Linux is coming to even more workstations

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Lenovo has announced that it will also be bringing Ubuntu and Red Hat Linux to its full workstation portfolio.

Many Linux users prefer to customize their own machines by configuring and installing Linux distros themselves but this can raise uncertainty when it comes to system stability, restricted performance compatibility, end-user productivity and even IT support for devices.

Following the news that it will soon offer Linux laptops, demand has increased for an out-of-the-box solution that removes the barrier for deployment of enterprise-grade hardware within a Linux software ecosystem which is why Lenovo has decided to bring Linux to its workstations.

In the past, the company has only certified certain products with a limited subset of hardware configurations to work with Linux. Going forward, Lenovo's entire portfolio of ThinkStation and ThinkPad P Series workstations will now be certified via both Red Hat Enterprise Linux and Ubuntu LTS.

Linux certifications

To help an ensure an effortless Linux experience for its users, Lenovo workstations will work with the host Linux OS and offer full end-to-end support from security patches and updates to better secure and verify hardware drivers, firmware and bios optimizations. The company will also upstream its device drivers directly to the Linux kernel to help maintain stability and compatibility throughout the lifespan of its workstations.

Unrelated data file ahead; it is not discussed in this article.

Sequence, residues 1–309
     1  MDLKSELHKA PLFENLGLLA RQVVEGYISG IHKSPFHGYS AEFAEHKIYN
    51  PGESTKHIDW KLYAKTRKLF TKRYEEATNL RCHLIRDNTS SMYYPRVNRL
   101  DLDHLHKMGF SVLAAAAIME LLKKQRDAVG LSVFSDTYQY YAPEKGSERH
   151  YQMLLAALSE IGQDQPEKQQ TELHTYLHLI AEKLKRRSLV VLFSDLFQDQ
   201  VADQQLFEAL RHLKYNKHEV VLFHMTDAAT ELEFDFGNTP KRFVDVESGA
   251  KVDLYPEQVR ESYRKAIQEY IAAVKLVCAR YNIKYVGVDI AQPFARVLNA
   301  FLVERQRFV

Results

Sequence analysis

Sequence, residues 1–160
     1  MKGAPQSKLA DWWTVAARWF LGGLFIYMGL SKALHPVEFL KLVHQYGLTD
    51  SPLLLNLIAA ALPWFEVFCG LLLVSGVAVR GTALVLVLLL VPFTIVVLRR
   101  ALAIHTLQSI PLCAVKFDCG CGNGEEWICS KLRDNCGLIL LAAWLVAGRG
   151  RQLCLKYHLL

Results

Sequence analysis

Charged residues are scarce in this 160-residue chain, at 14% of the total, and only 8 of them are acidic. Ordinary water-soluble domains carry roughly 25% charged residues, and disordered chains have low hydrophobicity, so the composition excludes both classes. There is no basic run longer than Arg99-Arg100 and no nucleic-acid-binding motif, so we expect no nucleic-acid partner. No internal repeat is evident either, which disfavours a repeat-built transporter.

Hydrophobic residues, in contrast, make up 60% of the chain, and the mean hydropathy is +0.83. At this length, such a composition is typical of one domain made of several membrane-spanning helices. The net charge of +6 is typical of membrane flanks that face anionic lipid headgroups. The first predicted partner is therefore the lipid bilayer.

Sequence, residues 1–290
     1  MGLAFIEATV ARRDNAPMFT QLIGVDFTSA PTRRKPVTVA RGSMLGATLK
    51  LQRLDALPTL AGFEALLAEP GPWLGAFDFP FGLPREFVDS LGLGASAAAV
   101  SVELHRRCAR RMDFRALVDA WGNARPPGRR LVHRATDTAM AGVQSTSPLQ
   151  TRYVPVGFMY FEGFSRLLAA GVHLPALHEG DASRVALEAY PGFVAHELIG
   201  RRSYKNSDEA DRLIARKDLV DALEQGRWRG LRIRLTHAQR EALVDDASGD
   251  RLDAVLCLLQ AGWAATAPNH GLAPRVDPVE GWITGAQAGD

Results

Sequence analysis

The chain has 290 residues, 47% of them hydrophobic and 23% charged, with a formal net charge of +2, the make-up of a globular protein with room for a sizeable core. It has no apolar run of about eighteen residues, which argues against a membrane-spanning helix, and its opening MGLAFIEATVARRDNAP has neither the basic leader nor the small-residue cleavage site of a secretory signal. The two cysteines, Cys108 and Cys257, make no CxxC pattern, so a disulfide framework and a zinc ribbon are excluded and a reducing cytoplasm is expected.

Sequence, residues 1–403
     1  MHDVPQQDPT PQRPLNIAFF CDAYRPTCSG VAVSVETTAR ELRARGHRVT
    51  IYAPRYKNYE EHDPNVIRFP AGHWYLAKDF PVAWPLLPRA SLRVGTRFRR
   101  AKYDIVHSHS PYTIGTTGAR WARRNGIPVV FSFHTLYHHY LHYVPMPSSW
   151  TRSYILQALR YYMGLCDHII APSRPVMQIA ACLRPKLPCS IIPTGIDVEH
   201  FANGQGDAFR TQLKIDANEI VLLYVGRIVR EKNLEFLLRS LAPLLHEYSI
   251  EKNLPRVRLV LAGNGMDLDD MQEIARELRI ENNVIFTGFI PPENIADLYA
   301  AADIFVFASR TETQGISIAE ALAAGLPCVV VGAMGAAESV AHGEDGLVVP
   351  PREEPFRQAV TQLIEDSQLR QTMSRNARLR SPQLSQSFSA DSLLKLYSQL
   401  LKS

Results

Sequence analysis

The preloaded OEM version of Ubuntu LTS will provide enterprise users with a highly stable and more secure version of the popular Ubuntu distribution. Ubuntu LTS offers an extended five-year support cycle and Canonical, the company behind Ubuntu, will perform certification and regression testing on these systems on an ongoing basis.

In addition to Ubuntu LTS, Lenovo is expanding its Red Hat Enterprise Linux certifications to cover its entire portfolio of workstations. Red Hat Enterprise Linux is also fine-tuned to deliver peak-performance across graphics, animation and scientific workflows. Additionally, Lenovo has partnered with the Fedora project to offer a pilot program with a preloaded Fedora image on its ThinkPad P53 and P1 Gen 2 systems.

Linux users have long had to compromise when it comes to purchasing new devices but now Lenovo is giving them plenty of options when it comes to picking hardware that supports their preferred operating system.

Anthony Spadafora

After working with the TechRadar Pro team for the last several years, Anthony is now the security and networking editor at Tom’s Guide where he covers everything from data breaches and ransomware gangs to the best way to cover your whole home or business with Wi-Fi. When not writing, you can find him tinkering with PCs and game consoles, managing cables and upgrading his smart home.